• All of that leads to lost work time: We get paid for our jobs. That’s how we feed our families and run our businesses. When you total up everything it took to do that free concert, photo shoot, article, or talk, we spent 4 – 12 hours not doing client work. That’s anywhere from a half day to a day-and-a-half of billables that we didn’t collect from clients.

So what does that work out to be? How much would that be for you? To figure out your regular hourly rate, take your hourly salary (your yearly salary divided by 2,000 hours per year) and multiply it by 4 and 12 (the range of hours).

That’s what it costs for you to work for free.

Based on a $60,000/year salary, that can be $120 – $360 of lost revenue.

Would you take an unpaid day off work to volunteer at a nonprofit? Or to help a friend move? What about taking an unpaid day to attend a conference, and pay your own way to travel there (but receive a free pass)?

If you expect us to work for free, will you also give up half to a day-and-a-half’s wages to show your gratitude and share our plight?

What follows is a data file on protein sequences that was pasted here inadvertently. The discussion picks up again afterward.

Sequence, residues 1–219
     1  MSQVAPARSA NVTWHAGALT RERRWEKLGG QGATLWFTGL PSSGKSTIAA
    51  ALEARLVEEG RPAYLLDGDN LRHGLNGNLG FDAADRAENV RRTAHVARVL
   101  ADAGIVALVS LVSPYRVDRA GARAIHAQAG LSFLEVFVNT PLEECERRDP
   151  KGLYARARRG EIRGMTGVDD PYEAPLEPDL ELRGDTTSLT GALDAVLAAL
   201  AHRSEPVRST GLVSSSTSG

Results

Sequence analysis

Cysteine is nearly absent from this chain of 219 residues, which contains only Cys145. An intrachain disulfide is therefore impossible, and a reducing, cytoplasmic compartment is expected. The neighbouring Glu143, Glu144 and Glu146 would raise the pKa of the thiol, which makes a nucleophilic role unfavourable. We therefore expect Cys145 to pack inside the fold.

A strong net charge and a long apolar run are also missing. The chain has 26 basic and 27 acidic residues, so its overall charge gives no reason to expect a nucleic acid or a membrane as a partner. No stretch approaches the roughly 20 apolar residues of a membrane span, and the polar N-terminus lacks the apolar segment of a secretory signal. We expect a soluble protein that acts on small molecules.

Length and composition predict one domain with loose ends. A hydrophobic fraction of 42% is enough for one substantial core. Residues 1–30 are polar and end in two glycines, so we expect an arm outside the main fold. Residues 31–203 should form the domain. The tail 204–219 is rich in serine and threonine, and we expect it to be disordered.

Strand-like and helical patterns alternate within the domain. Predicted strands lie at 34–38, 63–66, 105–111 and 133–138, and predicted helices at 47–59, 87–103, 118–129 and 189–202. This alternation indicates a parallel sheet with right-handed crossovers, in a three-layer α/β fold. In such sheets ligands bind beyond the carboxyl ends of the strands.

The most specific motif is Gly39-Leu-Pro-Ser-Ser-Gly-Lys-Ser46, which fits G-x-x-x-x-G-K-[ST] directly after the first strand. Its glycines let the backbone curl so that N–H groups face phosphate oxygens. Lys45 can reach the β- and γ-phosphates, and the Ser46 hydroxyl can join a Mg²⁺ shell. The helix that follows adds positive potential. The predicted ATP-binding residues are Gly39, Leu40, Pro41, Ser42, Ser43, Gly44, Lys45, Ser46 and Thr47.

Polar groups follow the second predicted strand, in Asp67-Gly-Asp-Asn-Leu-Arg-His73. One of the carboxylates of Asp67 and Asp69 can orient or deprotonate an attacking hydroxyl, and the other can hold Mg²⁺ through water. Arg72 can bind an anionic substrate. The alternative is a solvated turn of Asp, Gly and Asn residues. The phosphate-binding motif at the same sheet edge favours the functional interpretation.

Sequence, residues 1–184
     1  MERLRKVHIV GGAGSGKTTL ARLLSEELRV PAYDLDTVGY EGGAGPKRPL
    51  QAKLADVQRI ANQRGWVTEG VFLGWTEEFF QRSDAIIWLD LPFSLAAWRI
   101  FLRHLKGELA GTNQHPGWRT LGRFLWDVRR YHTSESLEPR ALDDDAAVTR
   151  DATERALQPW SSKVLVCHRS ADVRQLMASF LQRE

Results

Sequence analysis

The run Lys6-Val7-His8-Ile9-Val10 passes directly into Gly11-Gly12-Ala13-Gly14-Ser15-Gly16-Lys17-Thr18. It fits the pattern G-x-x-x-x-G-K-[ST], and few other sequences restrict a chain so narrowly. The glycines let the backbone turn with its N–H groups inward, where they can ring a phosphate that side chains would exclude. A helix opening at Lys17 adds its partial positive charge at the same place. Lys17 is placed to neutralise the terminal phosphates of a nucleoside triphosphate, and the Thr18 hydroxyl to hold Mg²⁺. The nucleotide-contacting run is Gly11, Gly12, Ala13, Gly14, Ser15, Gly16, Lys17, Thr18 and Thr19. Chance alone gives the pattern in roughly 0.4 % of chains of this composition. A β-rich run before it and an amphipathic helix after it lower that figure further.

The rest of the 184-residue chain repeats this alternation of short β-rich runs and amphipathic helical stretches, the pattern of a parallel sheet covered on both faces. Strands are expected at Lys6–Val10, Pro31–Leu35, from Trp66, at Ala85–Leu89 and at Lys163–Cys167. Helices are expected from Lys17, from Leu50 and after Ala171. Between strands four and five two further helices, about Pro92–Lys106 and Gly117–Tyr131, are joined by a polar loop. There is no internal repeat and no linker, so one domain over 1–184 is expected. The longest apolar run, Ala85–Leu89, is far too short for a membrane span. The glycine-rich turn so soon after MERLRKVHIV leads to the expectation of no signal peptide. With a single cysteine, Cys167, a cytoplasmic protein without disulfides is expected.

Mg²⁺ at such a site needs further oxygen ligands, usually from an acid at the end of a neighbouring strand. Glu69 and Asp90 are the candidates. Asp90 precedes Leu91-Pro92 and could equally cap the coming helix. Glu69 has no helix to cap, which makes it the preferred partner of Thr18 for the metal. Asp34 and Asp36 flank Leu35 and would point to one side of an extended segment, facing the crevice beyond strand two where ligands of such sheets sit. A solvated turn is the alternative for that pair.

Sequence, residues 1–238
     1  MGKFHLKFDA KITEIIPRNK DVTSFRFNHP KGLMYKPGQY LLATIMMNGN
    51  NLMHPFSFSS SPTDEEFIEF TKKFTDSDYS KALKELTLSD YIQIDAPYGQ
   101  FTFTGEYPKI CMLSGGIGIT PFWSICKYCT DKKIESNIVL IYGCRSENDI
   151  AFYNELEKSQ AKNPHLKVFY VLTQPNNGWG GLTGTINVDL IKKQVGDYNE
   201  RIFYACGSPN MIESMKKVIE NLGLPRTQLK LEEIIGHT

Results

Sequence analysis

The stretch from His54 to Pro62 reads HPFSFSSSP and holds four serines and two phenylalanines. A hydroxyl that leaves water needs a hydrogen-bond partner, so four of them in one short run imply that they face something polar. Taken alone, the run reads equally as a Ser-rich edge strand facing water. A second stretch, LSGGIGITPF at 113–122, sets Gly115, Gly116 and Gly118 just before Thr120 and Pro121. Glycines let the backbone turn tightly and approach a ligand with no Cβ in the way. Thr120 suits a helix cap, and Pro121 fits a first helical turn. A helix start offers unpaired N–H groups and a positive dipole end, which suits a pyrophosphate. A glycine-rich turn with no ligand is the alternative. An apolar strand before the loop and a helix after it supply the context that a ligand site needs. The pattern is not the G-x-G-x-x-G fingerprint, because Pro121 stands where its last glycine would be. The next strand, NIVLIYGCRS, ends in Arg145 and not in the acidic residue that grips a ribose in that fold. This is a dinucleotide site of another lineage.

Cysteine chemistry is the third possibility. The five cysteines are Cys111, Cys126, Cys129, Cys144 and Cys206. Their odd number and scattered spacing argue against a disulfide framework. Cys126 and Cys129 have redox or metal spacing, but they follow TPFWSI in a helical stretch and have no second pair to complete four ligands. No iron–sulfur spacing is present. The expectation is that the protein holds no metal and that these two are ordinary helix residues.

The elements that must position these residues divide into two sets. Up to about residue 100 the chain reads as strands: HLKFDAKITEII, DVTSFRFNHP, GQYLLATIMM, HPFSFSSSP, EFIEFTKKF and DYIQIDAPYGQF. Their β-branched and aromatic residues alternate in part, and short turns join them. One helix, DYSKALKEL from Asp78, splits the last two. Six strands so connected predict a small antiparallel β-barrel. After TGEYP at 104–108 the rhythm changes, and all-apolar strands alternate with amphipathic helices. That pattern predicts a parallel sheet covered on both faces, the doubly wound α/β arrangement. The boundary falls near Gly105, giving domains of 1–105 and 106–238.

But that doesn’t mean we won’t do it.

Now, having said all that, none of the people I mentioned have become such egotistical jerks that we would never, ever work for free. We will.

Toni will sing for free at certain events, because not singing there can work against her. Paul will take the pictures, and the writers will write the articles, because sometimes the exposure is more important. And there are still groups and events where I’ll speak for free, because I consider it paying my blessings forward.

But it wasn’t until I started looking at what it was costing me in lost wages for that free one hour talk that made re-examine whether I would start charging to speak at events. And every other professional I’ve talked to has wrestled with this problem. Hell, we all still wrestle with it, even after we “turn pro.”